2015 ORS 419C.130¹
Youth or youth offender may not be detained where adults are detained
  • exceptions

(1) A youth or youth offender may not be detained at any time in a police station, jail, prison or other place where adults are detained, except as follows:

(a) A youth or youth offender may be detained in a police station for up to five hours when necessary to obtain the youth or youth offender’s name, age, residence and other identifying information.

(b) A youth waived under ORS 419C.349 (Grounds for waiving youth to adult court) or 419C.364 (Waiver of future cases) to the court handling criminal actions or to municipal court may be detained in a jail or other place where adults are detained if:

(A) The youth is at least 16 years of age; and

(B) The director of the county juvenile department and the sheriff, or other official responsible for the jail or other place, agree to detain the youth in a jail or other place where adults are detained.

(c) When detention is authorized by ORS 419C.453 (Detention), a youth offender may be detained in a jail or other place where adults are detained.

(2) A youth waived to the court handling criminal actions or to municipal court pursuant to a standing order of the juvenile court under ORS 419C.370 (Waiver of motor vehicle, boating, game, violation and property cases), including a youth accused of nonpayment of fines, may not be detained in a jail or other place where adults are detained.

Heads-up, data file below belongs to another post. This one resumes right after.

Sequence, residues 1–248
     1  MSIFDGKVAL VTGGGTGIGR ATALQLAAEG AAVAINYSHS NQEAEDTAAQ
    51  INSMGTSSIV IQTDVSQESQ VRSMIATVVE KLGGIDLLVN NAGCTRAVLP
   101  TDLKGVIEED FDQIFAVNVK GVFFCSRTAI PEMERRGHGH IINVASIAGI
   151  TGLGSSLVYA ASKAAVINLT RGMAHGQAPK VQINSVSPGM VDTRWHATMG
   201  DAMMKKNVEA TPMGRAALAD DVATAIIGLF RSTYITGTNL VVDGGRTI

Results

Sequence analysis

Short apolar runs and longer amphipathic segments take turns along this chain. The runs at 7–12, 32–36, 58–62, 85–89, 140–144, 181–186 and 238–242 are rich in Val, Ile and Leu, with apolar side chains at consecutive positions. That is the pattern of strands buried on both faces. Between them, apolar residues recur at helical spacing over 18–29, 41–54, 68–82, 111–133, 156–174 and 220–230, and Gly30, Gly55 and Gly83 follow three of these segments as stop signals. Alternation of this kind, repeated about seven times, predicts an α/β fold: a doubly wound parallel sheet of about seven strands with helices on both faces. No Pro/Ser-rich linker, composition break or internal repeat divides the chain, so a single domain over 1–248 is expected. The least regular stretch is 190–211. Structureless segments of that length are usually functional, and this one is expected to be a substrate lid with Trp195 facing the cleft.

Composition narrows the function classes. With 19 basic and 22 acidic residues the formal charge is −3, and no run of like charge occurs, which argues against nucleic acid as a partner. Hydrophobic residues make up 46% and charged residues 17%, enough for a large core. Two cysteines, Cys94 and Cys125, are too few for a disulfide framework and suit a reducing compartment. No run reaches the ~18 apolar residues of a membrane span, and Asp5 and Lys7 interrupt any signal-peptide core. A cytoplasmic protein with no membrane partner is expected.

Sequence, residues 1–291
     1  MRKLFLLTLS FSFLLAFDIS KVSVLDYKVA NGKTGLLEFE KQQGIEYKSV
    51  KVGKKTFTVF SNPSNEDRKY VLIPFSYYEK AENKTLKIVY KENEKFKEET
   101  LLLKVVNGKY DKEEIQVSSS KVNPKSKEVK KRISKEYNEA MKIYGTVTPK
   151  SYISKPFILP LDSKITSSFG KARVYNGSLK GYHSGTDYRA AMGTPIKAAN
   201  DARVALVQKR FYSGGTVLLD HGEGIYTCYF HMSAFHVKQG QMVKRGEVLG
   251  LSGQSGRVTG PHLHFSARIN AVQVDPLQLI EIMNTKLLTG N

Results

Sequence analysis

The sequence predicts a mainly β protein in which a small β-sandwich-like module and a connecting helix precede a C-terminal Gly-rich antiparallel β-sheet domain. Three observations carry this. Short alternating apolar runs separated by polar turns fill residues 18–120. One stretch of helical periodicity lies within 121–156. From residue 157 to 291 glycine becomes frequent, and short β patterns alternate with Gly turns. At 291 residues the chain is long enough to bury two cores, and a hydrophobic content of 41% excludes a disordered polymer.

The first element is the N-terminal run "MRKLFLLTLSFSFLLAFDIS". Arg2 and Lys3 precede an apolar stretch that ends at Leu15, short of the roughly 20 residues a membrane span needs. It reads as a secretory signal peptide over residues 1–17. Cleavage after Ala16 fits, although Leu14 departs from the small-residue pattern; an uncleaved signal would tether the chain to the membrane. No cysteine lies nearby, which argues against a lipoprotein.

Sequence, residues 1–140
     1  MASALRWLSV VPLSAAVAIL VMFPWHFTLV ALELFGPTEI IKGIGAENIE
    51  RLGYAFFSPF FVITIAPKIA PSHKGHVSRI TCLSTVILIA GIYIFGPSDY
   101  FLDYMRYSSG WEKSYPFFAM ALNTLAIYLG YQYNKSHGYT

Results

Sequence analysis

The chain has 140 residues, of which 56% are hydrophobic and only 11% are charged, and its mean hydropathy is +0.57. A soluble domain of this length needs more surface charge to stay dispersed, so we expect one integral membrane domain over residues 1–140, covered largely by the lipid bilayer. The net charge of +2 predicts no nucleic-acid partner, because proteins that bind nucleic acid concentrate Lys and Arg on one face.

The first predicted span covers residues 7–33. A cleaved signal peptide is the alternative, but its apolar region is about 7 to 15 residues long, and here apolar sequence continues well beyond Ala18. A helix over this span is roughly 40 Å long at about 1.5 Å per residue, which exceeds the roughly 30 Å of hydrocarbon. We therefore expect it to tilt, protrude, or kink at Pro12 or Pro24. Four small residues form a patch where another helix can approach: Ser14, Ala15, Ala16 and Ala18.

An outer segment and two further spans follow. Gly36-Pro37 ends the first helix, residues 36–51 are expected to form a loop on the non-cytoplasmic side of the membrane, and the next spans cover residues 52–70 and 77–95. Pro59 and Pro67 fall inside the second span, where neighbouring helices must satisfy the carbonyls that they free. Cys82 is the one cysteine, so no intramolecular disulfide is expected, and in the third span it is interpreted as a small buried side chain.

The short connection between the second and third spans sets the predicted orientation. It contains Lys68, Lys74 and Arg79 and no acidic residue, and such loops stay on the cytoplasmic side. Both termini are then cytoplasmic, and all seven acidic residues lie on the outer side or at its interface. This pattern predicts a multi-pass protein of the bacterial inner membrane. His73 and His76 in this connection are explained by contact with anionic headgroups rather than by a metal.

(3) As used in this section, "adult" does not include a person who is 18 years of age or older and is alleged to be, or has been found to be, within the jurisdiction of the juvenile court under ORS 419C.005 (Jurisdiction). [1993 c.33 §167; 1993 c.546 §115; 2003 c.442 §4; 2011 c.122 §2]


1 Legislative Counsel Committee, CHAPTER 419C—Juvenile Code: Delinquency, https://­www.­oregonlegislature.­gov/­bills_laws/­ors/­ors419C.­html (2015) (last ac­cessed Jul. 16, 2016).
 
2 OregonLaws.org contains the con­tents of Volume 21 of the ORS, inserted along­side the per­tin­ent statutes. See the preface to the ORS An­no­ta­tions for more information.
 
3 OregonLaws.org assembles these lists by analyzing references between Sections. Each listed item refers back to the current Section in its own text. The result reveals relationships in the code that may not have otherwise been apparent.